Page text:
As you can see, there’s been a change in programing. I had planned to share my cousin’s meatball recipe but the return of winter sent me back to Comfort Food Land. While I was preparing today’s dish for my dinner, I realized that I could just as easily share its recipe. So, I pulled out the camera, snapped a few photos, and wrote the post. (Then I spent the next 4 days editing but never mind that.) Perhaps some of you may find the recipe useful in the weeks ahead, while others in the winter yet to come.
If you follow me on Instagram, you may have noticed that judging by the photo trail, I’ve grown quite fond of pho, ramen, and hot-pots. Throughout much of fall and all of this past winter, when out-and-about on a chilly/frigid day, I was likely to stop for lunch at any one of a number of nearby restaurants specializing in these delicious bowls of comfort. It wasn’t long before I began to wonder whether I could prepare any of them here at home. Discovering an Asian super-mart only fueled my curiosity. One afternoon, while searching Vietnamese cookbook summaries, I came upon “The Pho Cookbook: Easy to Adventurous Recipes for Vietnam’s Favorite Soup and Noodles.” Written by Andrea Nguyen, it has become my go-to reference book whenever I need information about my newfound loves.
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Ms. Nguyen offers a wealth of information to go along with her great recipes. Believe me. This neophyte Asian cook can use all the help that I can get. Virtually every aspect of the cooking process and ingredient list is explained. Not only will you learn the secrets to pho preparation but she also shares methods for preparing a number of the sauces common to Asian cooking. Not to worry. She also gives suggestions for the commercially produced versions. If you’ve ever stood before an Asian market’s soy or fish sauce-filled shelves, you’ll realize the value of these suggestions.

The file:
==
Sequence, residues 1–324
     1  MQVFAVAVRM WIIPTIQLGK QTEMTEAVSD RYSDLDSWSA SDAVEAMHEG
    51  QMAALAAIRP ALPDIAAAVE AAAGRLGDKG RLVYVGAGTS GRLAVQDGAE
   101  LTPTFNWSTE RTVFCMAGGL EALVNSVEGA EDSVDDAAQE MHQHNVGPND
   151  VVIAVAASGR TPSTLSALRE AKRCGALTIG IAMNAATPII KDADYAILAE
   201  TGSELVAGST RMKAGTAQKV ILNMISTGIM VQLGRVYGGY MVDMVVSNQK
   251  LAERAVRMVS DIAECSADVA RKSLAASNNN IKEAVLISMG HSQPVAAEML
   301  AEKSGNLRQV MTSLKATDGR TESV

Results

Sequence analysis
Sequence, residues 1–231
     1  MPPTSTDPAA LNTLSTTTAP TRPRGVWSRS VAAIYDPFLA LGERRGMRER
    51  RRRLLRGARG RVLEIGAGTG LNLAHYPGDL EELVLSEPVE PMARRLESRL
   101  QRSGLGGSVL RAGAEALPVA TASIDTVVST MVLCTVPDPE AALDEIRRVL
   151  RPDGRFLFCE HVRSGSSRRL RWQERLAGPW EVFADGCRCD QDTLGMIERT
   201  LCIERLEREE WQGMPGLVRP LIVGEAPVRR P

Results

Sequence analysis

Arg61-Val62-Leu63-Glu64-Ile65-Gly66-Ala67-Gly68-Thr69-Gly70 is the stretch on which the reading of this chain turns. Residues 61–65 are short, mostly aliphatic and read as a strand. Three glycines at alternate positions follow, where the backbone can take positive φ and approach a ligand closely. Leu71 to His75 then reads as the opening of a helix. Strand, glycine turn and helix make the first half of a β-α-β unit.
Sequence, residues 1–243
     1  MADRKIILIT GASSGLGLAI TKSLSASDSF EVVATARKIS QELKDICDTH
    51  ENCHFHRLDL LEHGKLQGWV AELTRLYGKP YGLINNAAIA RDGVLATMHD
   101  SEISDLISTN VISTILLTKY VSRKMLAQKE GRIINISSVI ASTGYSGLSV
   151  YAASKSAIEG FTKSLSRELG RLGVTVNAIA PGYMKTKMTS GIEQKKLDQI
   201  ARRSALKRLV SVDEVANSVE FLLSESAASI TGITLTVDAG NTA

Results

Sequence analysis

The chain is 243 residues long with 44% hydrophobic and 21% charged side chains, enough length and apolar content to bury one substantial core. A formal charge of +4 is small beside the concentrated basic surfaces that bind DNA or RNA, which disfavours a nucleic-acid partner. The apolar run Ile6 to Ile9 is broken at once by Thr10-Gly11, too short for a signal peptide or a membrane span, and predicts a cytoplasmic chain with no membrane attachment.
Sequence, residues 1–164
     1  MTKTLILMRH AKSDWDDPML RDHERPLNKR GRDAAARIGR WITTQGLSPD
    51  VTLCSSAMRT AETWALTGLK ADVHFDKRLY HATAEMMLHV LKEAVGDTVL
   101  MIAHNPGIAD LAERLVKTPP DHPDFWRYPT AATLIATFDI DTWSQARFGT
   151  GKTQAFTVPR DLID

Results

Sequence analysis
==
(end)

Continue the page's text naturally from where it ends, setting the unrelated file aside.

Aside from the wealth of information presented, Ms. Nguyen offers more than 1 method for preparing some dishes, If you’ve time, follow the standard method. In a rush? Pull out the pressure cooker. Still too long? She offers quick recipes for beef, chicken, and vegetarian pho that you can easily prepare in well under an hour. Today’s recipe is one of these. In future posts, I’ll share her recipes for chicken and beef broths. We’re talking “quick” here, however, and those broths will have to wait their turn.
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No matter the country of origin, the heart of any bowl of soup is its broth and pho is certainly no exception. In fact, when I first saw that this recipe was labelled “quick”, I was skeptical — and I was proved wrong. This pho is both aromatic and deeply flavored. Easy to prepare, the recipe can be doubled or tripled with little problem. (See Notes)
One other point to make concerns the beef. Ms. Nguyen suggests using cooked roast beef or steak, very thinly sliced. If you like, in this recipe you can substitute thinly sliced roast beef that can be purchased at any deli counter. There’s even a third option. If like me, you live near a Korean market or well-stocked Asian market, you might find thinly sliced cuts of beef and pork. For today’s recipe, I used sliced rib eye steak, although I have used sliced beef brisket, as well.
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Quick Beef Pho Recipe
- 3/4 inch (2cm) ginger, peeled and cut into slices.
- 2 spring onions
- 1 star anise
- 1 cinnamon stick
- 2 whole cloves
- 2 cups (1/2 liter) low-sodium beef broth (see Notes)
- 2 cups 1/2 liter)) low-sodium chicken stock
- 2 cups (1/2 liter) water
- 1/2 teaspoon salt
- 5 oz ( 150 g) flat rice noodles (see Notes)
- 4 to 5 oz (115 – to 150 g) cooked roast beef or steak, or, raw beef, all sliced very thin (see Notes)
- 2 to 3 tsp fish sauce
- 1/2 tsp sugar – optional (1 tsp maple syrup may be substituted)
- 2 tsp fresh cilantro, chopped
- salt and pepper to taste
- for garnish (optional)
- Hoisin sauce, chili sauce, saté sauce (see Notes)